Washing lab glassware: Man vs. Machine

Lab glassware washing techniques vary from lab to lab and can depend on the soil type inside the glassware, types of glassware and technique required by the laboratory’s standard operating procedure.

The three types of glassware washing we’ll look at are hand washing, residential dishwashers and laboratory glassware washers.

Hand Washing

Hand washing requires an acid or base wash, rinse or soak which can be performed in plastic tubs. This method requires appropriate disposal of both acids and bases after washing is complete. Hot, soapy water can also effectively clean soiled glassware. A final rinse in purified water or tap water usually completes the process. In most cases, hand-washing water will reach 120ºF maximum, requiring sanitization or sterilization to be done in an autoclave. For drying, the glassware can be hung on a drying rack, placed in an oven, or dried manually. This process is time-consuming and sometimes requires a dedicated person to hand wash the glassware.

Automatic Residential Dishwashers

Automatic residential dishwashers are another option sometimes employed when washing lab glassware. The initial investment is much less than an instrument designed for lab use and its features are not as durable or as flexible. The interior is generally plastic or stainless steel designed to handle basic food, soil and beverages, not chemicals and contaminants found in a laboratory. The baskets are designed for domestic plates, cups, bowls, glasses, pots, and pans, rather than narrow-neck glassware, culture tubes, flask, beakers, and other specialized glassware used daily in the laboratory. Basket inserts for lab utensils are also not available. Expect the manufacturer’s warranty to be void when used for purposes other than residential settings.

Automatic Laboratory Glassware Washers

Automatic laboratory glassware washers are designed to clean all types of lab soil, from light to heavy, and offer features and accessories for a broad range of lab glassware and contaminants. A washer with a high heat option is best for cleaning heavy and difficult to remove soil such as waxes, oil or agar. For more soluble soil, high heat is not required. If flasks, graduated cylinders and other narrow-neck glassware are to be washed, a spindle rack option should be considered.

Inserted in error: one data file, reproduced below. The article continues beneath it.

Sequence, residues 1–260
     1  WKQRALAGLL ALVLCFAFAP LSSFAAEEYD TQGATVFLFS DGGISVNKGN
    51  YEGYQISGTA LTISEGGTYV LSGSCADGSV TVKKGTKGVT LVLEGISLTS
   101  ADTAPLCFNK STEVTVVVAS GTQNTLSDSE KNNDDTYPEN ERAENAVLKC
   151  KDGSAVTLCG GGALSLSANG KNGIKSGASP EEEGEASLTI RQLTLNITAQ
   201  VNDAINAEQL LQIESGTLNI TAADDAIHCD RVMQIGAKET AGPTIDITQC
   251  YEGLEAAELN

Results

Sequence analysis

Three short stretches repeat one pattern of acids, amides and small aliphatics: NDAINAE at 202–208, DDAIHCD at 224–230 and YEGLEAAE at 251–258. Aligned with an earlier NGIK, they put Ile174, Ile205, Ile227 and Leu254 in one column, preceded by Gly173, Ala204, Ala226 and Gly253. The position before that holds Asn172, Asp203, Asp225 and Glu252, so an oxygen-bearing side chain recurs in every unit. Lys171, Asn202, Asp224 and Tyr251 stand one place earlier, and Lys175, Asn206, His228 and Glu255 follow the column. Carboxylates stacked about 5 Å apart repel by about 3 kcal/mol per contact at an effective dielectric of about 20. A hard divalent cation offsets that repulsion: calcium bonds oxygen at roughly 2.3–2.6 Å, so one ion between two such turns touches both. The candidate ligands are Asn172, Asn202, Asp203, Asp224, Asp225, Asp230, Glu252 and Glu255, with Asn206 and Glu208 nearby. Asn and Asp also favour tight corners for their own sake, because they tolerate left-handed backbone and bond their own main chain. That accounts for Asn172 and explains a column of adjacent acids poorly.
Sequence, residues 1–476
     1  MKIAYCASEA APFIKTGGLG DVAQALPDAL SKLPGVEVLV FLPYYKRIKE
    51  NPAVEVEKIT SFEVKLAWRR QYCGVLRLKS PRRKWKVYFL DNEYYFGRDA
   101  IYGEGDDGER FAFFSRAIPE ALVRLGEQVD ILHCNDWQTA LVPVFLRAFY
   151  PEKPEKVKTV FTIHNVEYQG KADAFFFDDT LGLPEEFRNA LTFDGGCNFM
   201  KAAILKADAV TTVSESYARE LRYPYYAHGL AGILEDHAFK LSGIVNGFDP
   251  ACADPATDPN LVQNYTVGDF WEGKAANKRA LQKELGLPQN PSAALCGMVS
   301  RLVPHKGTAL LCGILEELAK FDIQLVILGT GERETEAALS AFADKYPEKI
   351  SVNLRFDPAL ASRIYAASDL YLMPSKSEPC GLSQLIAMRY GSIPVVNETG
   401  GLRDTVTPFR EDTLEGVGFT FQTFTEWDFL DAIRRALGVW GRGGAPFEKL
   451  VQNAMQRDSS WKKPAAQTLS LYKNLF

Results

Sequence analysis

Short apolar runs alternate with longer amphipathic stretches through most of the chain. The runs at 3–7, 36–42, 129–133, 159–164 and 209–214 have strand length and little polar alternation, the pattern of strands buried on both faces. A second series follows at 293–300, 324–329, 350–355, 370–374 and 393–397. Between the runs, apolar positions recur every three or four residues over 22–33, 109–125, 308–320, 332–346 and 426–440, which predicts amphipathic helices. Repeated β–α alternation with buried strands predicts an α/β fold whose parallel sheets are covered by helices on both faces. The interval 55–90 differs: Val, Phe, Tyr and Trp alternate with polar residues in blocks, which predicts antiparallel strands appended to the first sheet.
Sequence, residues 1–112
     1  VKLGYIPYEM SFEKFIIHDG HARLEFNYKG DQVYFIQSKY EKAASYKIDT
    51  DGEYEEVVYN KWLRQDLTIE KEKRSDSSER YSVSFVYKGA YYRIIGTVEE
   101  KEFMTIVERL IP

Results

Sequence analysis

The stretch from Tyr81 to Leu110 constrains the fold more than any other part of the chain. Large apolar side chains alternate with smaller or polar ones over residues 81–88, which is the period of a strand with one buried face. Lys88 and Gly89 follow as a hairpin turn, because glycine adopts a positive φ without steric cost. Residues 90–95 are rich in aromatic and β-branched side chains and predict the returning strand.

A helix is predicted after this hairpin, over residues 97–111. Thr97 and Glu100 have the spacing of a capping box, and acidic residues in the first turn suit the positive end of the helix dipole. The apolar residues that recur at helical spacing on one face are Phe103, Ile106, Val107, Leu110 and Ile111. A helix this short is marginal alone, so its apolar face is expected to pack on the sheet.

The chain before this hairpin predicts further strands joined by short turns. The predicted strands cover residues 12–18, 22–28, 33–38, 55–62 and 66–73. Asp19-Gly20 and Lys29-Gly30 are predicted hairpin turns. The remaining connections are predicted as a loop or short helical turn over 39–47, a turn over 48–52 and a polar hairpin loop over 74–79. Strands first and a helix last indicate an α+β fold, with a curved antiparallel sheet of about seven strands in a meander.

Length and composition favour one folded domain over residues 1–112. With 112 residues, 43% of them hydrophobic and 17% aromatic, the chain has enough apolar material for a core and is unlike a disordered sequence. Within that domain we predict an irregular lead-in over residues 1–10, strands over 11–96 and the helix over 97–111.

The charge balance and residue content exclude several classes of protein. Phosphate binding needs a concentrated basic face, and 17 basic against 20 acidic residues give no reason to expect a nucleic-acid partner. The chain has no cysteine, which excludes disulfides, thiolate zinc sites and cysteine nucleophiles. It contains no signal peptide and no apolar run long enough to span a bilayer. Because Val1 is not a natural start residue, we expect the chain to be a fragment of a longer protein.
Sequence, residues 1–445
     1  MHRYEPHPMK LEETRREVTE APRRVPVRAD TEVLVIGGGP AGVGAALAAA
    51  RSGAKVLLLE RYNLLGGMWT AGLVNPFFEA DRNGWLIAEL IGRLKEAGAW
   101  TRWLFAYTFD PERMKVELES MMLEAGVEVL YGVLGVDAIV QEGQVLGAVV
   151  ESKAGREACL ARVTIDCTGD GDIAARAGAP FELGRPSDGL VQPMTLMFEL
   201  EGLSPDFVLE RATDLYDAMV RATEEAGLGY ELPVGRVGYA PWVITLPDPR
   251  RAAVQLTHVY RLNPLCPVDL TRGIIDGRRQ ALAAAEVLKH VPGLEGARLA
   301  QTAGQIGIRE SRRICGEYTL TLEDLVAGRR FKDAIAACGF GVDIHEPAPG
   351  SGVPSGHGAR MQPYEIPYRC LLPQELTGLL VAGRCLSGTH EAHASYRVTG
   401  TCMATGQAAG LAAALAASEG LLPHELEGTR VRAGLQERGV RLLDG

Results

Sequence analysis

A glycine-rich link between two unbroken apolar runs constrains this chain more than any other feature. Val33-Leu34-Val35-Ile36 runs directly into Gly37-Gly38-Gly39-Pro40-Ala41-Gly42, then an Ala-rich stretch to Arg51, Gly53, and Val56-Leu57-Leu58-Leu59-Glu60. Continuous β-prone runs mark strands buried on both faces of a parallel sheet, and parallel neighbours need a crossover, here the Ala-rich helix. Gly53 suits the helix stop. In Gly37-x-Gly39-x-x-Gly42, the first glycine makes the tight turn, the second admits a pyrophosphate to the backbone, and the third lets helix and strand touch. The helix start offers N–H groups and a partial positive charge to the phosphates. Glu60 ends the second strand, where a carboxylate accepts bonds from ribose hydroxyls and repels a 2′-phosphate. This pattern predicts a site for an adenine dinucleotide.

The interior of a lab washer must be designed to prevent damage to the washer from residual exposure to basic laboratory chemicals. Stainless steel chambers withstand traces of the everyday chemicals used in a laboratory. Internal components, including the detergent cup, seals, pumps and other plastic and rubber components, have been carefully chosen to withstand chemicals as well as the high heat conditions inside the washer.

Another feature usually incorporated into a laboratory glassware washer is an optionally purified water rinse. If pressurized purified water is not available, a separate pump may be required. Some washers include a separate pump to introduce purified water into the chamber, eliminating the need to buy it separately.

HEPA filtered forced air drying, which traps dirt, lint and other particulate contaminants from the air, should be considered if your research is sensitive to this type of contamination. Also, an RS232 port, to communicate wash conditions to a printer or computer, is available on some models if validation is required.

Pipette inserts allow the effective washing of pipettes in various sizes. The attachment forces water and detergent deep inside the pipettes assuring cleanliness. Other inserts for specific types of glassware such as culture tubes, media plates, DNA sequencing plates, and BOD bottles are readily available.

Automatic washer detergents formulated specifically for laboratory washers can meet specific needs. There are a wide variety of detergents — phosphate-free, chlorine-free, surfactant-free and non-ionic or ionic. These detergents leave no residue on the glassware so they are safe for sensitive applications such as tissue culture or instrumental analysis. Some laboratory washers automatically dispense liquid detergent and weak acid neutralizing rinse solutions. This eliminates the need to manually fill the detergent cup and rinse dispenser before each use. Using a built-in pump, the washer automatically meters the precise amount of detergent and acidic rinse solution into the washer at the appropriate cycle.

To determine the best washing system for your lab, an analysis should be done to calculate your potential daily cost of hand-washing vs. the cost of buying and using an automatic glassware washer. Information such as the amount of time spent per day hand-washing glassware, costs of labor, electricity, water, and detergent, types of glassware and how much of it — all should be included in the analysis. Once all the costs are calculated and compared, you can decide if the purchase of an automatic glassware washer provides a logical payback and consistent results. It’s working hard or working smart.

Published with permission from Jenny Sprung, Senior Product Specialist, Labconco Corporation

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1 Comment on "Washing lab glassware: Man vs. Machine"

  1. The Article is informative, I can some more good info about glasswares products. thanks for such a wonderfil article

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